Hitman Pro: Your second line of malware defense
No matter how strong your PC’s defences, there’s still a chance that a virus will be able to bypass them, eventually. And so it pays to have a Plan B, a “second opinion” malware remover which you can turn to in an emergency: something like Hitman Pro, in fact.
The tool is a relatively small download at under 10MB, and doesn’t require any installation. Just launch it, click Next > Next, and the program will quickly scan your system, looking for suspicious files. Anything it doesn’t recognize is sent to the program’s Scan Cloud, where it’s checked by multiple engines (Bitdefender, Emsisoft, G Data, IKARUS) before a verdict is given.
This first element of the program is entirely free, and useful enough in itself; anything which lets you check your files with all those engines, free of charge, from the same scan, is well worth adding to your security toolkit.
The catch? To remove something you have to run the program as a trial version. That’s not actually an issue with a one-off infection, as if you don’t want to pay the $24.95 annual subscription then you can just let the trial expire. But it does mean that you can’t use Hitman Pro for ongoing detection and removal.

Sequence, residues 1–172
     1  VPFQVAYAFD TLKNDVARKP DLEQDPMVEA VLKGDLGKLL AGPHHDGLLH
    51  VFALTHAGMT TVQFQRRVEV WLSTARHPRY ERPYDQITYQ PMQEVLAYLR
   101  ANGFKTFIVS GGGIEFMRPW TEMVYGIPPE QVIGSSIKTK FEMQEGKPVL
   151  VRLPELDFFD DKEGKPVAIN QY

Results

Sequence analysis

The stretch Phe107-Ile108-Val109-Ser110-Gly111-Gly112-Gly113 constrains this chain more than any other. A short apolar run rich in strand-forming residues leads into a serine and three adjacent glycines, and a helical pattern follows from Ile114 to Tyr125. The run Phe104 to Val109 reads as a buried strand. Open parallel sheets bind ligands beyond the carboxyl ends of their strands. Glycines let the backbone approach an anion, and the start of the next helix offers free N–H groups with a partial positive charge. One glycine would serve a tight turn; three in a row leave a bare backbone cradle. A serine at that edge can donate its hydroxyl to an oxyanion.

Don’t give up on the program just yet, though, because Hitman Pro does have another useful feature, KickStart. It’s specifically designed to remove ransomware, which locks your PC, demanding money before you can access your PC. And it’s just about the easiest way to eliminate this kind of threat that you’ll find anywhere.
The idea is that you’ll use another PC to download Hitman Pro, and create a bootable USB flash drive. This option is a little more hidden than you might expect -- it’s launched from the tiny icon next to the “Settings” button -- but once you’ve found it, a simple wizard will help you create your recovery drive.
Now boot your locked PC from the USB key, instead, and it’ll start Hitman Pro for you. The nice touch is that this isn’t some DOS variant, or a Linux version. KickStart boots your own operating system, bypassing the ransomware, before allowing you to remove it as normal. And again, while businesses have to pay, home users can remove the ransomware for free if they sign up for the trial, which sounds like a reasonable deal to us.